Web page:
"You get the kind you like, that's the best kind," said Hornsby with a diplomacy that would have surprised the adult baseball world.
"Will Milwaukee take the pennant?" came an anxious question.
Hornsby answered fervently: "I hope so, and the Yankees have practically got it sewed up. The Yankees have the best team today."
"Now boys," Hornsby said, "you should catch with the glove under the ball and your bare hand over it. Most every boy uses one hand. That's not good. Now for ground balls, take the fielding position with hands on knees [he did]. Keep your weight balanced so you can shift fast. Don't let the ball roll to you, go in and get it on a hop. Give with the ball as you catch it, don't shove it away from you. Field all balls in between the legs."
A boy asked: "Shouldn't you keep your legs together? My friend—he's a real good player—said so."
"No," Hornsby explained patiently. "Field with the legs apart for balance. Every boy has his idea of how to do things, but we're trying to teach you the right way. This is the ABC fundamentals of baseball. Always hold your glove under the ball; that way, you see, boys, there's less chance of its dropping out."
A boy shyly asked, "Won't the ball hit you that way?"
"Now I'm glad that came up, boys," answered Hornsby, "because if you're going to play ball, you can't be afraid of getting hit. You're not going to if you keep your eye on the ball." The timid boy seemed convinced.
The Rajah saved his favorite subject for last. "Want to talk about hitting?" he said finally. A chorus of cheers greeted his suggestion, and the boys ran after him and crowded into the batting cage to watch him hit.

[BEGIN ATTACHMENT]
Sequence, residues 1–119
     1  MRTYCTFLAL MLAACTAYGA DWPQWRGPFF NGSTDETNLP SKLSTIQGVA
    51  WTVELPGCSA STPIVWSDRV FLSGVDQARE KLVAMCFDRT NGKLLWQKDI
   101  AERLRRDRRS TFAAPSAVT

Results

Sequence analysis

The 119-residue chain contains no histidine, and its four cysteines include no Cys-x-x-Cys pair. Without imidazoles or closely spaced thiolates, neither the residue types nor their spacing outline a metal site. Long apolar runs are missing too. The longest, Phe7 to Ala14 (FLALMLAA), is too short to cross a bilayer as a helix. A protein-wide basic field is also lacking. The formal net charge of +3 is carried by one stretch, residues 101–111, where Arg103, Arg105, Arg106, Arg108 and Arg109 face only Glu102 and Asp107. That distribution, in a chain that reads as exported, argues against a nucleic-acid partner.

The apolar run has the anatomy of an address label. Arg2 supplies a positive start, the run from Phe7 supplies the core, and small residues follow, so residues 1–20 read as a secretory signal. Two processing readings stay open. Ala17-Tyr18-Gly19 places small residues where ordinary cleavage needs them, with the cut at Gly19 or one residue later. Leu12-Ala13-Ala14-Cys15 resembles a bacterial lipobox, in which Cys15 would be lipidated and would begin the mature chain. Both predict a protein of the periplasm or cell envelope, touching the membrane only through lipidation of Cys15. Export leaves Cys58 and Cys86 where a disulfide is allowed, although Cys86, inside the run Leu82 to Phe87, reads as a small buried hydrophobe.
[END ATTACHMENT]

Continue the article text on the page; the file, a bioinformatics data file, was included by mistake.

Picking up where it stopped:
"Now boys," he began, "you walk into the batter's box and take a natural position, any position that's comfortable, but don't have one foot forward and one backward. Have the weight evenly balanced. Be sure your arms are away from the body. Now drop the bat back even with your shoulders in the batting position, with the weight on the rear leg. Now pay attention, boys, because I led the National League seven times, my lifetime average is .358 and I played 154 games every year [a slight exaggeration]. It's the timing, the break of the wrists and the follow-through that counts. [He swung.] All records are made to be broken, and you boys might become greater hitters than any one of your heroes. I don't think Mantle will break Ruth's record, but that's just my opinion. To bunt, face the pitcher, slip your lead hand just below the trademark, using only the first finger and thumb of the lead hand. By having the bat out in front of the plate, you'll always hit it fair."